| Paula A. Kubica, Administrator, Rolling Hills Place: “Legat Architects designed the ‘neighborhoods,’ and they’ve worked wonderfully in a variety of ways. For example, the family of one resident who was of Slovak descent wanted to cook the family recipe for chicken paprikash and used the neighborhood kitchen for three hours to do it. We have baking classes in one neighborhood kitchen every Friday and pizza parties on occasional Friday evenings in that neighborhood kitchen. In fact, each neighborhood is themed after a particular common area that is located within it. One 20-unit neighborhood has a fun ice cream parlor, the other 20-unit neighborhood has an elegant music lounge and, on the second floor, one 10-unit neighborhood has the game room (which has glider-type rockers and doubles as a Bible study area) and the other upstairs neighborhood has the computer alcove.|
“The computer alcove has been an attractive amenity. When the adult children see that we’re teaching residents how to e-mail their families, they love it. Though we opened in July 2001, we already have three residents who are using the computers consistently. We have two PCs and a printer, and our activities director provides one-on-one lessons.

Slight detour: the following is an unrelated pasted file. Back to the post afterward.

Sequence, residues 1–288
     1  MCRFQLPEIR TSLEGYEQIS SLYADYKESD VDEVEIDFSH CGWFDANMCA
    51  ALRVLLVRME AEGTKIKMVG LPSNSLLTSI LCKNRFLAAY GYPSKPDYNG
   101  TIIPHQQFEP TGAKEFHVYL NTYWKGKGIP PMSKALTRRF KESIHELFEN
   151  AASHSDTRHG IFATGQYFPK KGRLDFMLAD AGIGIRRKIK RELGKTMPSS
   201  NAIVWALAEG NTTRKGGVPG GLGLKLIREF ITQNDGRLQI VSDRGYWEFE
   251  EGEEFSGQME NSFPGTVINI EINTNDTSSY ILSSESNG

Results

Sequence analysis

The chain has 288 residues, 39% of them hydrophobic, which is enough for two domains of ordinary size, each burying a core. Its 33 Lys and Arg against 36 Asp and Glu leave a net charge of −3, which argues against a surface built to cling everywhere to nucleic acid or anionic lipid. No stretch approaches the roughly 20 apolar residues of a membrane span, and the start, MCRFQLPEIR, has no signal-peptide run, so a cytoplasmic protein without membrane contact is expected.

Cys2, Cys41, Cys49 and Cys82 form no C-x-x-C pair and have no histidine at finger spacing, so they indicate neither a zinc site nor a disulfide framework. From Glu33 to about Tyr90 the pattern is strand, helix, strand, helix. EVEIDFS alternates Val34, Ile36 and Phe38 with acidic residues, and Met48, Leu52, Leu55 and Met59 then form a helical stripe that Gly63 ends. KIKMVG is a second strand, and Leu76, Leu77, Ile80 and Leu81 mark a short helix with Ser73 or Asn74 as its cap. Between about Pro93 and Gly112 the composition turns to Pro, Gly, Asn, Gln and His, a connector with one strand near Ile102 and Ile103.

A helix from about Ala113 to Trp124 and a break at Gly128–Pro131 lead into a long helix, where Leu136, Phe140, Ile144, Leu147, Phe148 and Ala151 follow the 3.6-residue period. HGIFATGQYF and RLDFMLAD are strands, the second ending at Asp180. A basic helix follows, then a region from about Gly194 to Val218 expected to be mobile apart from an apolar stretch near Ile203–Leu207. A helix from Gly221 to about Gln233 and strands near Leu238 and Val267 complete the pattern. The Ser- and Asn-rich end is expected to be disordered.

“When I give tours, I say that all the fun things are upstairs-we have a beauty and barber shop, a wellness (or exercise) room and a one-person spa. Our ‘pampered’ residents can exercise, soak in a private tub and have their hair done all in the same day.
“Initially I was skeptical about all the common areas we have and thought they were so much ‘wasted space,’ but I see now that they’re the tool that motivates people to get out of their apartments and get involved with life.
“Staff are trained as universal workers and can do dietary, laundry, activities and so forth for the entire community, when and where they’re needed.
“We have a very welcoming lobby, which has the feel of a ‘five-star’ hotel. It includes a brass bellman’s cart that can be used to carry personal belongings to a resident’s room during a move-in.
“In general what I like about the design is that it provides a very homelike atmosphere focusing on a social model, not a medical model. It doesn’t look institutional, but it promotes the dignity and quality of our residents’ lives.”